How do you figure? The bar is presumably private property and there is no law that I'm aware of that prevents anyone from shielding their property from RF. In some cases some building design can do this anyways. I've been in large buildings with metallized windows that effectively did something similar. I honestly can't think of any laws this would break.
Thats strange I've been affected by breaches in the past and have had new cards issued by two different banks. On both they did something where they deny all new transactions to the old cc # but allow all of my prescheduled transfers to still go through. In every case the CC company denied the charges instead of letting them go through in the first place so I've never actually had to dispute. Their automatic guess as whether or not a transaction is pretty accurate and generally they send a text that I can reply to authorize a transaction that their system flags as suspicious(but this is so rare I think it's happened two times in 3-4 years).
This must have a locked bootloader or such to prevent the software from being changed out. I personally hate these locked loader devices but at least Amazon is paying you here. Samsung locks their crappy telco provided image on their devices in the US and doesn't even give you a discount.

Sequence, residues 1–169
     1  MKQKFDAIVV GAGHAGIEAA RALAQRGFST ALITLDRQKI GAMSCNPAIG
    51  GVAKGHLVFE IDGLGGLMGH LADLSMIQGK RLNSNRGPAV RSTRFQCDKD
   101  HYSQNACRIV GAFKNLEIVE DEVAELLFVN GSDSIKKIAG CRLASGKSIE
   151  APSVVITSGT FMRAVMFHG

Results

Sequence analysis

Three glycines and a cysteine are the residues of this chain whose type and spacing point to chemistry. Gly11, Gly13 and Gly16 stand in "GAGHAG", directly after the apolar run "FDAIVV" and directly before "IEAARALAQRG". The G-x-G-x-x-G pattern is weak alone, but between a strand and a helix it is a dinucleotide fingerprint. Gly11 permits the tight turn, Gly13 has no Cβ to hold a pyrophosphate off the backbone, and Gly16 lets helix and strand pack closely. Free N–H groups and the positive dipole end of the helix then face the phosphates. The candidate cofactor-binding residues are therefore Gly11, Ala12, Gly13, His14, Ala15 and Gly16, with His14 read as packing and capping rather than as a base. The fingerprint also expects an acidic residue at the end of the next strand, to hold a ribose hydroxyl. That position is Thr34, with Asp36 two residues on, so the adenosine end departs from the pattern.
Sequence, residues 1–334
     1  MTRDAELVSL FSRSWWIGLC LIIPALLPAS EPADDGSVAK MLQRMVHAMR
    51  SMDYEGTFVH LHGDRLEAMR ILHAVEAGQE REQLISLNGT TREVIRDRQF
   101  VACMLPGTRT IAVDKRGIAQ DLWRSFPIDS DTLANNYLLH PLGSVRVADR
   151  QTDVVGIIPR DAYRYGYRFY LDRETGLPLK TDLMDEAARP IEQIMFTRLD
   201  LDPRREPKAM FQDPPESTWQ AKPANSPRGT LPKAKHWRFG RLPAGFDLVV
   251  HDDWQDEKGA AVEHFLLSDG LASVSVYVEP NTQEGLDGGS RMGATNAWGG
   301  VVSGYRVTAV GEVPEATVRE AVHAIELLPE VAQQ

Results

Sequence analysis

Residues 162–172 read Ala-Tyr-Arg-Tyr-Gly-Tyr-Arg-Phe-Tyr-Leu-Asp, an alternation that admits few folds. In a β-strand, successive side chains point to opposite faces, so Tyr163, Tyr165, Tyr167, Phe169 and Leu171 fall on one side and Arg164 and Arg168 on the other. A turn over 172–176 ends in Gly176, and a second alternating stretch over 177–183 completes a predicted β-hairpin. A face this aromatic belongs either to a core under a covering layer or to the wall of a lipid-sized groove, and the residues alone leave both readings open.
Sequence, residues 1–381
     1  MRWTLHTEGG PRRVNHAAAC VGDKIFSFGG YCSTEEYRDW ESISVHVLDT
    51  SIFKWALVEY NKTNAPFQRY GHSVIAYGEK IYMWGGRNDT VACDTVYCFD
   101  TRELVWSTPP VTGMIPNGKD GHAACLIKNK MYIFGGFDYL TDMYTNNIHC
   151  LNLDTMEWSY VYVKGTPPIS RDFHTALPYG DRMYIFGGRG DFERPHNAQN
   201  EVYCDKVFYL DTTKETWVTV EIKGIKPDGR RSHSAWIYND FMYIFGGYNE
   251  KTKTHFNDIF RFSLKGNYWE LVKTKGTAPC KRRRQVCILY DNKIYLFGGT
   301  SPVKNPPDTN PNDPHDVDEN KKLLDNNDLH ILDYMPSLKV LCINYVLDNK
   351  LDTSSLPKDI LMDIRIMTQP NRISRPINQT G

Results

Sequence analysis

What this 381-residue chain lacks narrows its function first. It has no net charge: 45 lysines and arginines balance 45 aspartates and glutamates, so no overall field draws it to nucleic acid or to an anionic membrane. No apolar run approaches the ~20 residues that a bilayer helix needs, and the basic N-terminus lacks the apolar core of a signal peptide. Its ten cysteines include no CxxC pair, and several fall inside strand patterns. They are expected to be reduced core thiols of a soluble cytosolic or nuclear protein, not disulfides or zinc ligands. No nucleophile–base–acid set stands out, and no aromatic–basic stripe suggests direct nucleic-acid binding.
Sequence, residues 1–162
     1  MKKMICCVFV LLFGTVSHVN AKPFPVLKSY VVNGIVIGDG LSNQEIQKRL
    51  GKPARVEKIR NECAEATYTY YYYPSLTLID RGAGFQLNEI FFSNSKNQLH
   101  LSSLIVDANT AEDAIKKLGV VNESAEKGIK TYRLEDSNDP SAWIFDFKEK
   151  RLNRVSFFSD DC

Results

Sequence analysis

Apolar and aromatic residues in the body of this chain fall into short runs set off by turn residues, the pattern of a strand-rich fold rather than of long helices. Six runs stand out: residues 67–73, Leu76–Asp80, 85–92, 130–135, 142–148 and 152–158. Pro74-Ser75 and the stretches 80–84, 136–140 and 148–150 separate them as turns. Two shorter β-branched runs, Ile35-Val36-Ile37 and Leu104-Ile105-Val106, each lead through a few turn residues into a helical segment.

Makes sense. The only reason I thought PIV would be easier is it's a US government standard in use at most or all federal agencies and works on Linux/Mac/Windows out of the box. Very likely the IRS agents and staff use PIV cards to authenticate to IRS systems and obtain physical access to IRS buildings.
Why can't I just submit the public key from one of my PIV tokens(say with a copy of my passport or some other ID and maybe a notarization) and use that to sign stuff I want to submit to the IRS? That seems like a simple solution.
I don't know I lived in New England my entire life and I've never had any of the troubles you mention on snow and ice. With all wheel drive, modern snow tires, keeping you speed somewhat reasonable and engine breaking its pretty hard to slide off the road or not make it up a hill.
If your going to insult someone at least get your facts straight. The Second Amendment (1791) protects the right of individuals to keep and bear arms . The Supreme Court has ruled that this right applies to individuals, not merely to collective militias
If you care about power per port you don't use the cat6 version you use the SFP one with twinax or 10GBaseSR. Cat6 is good because you can use your existing cable plant but you get increased latency and power use.
You must be using a really crappy card issuer. I've had my cards comprised and all I have to do is give them a call that takes at most 2 minutes(or it can be done through the website) and they always eat any unauthorized transactions and send out a new card Next day air. So there is zero risk and I end up with thousands of dollars in points every year that I wouldn't get with a prepaid card also I can use my card to rent cars and other things that can't be done with a prepaid card.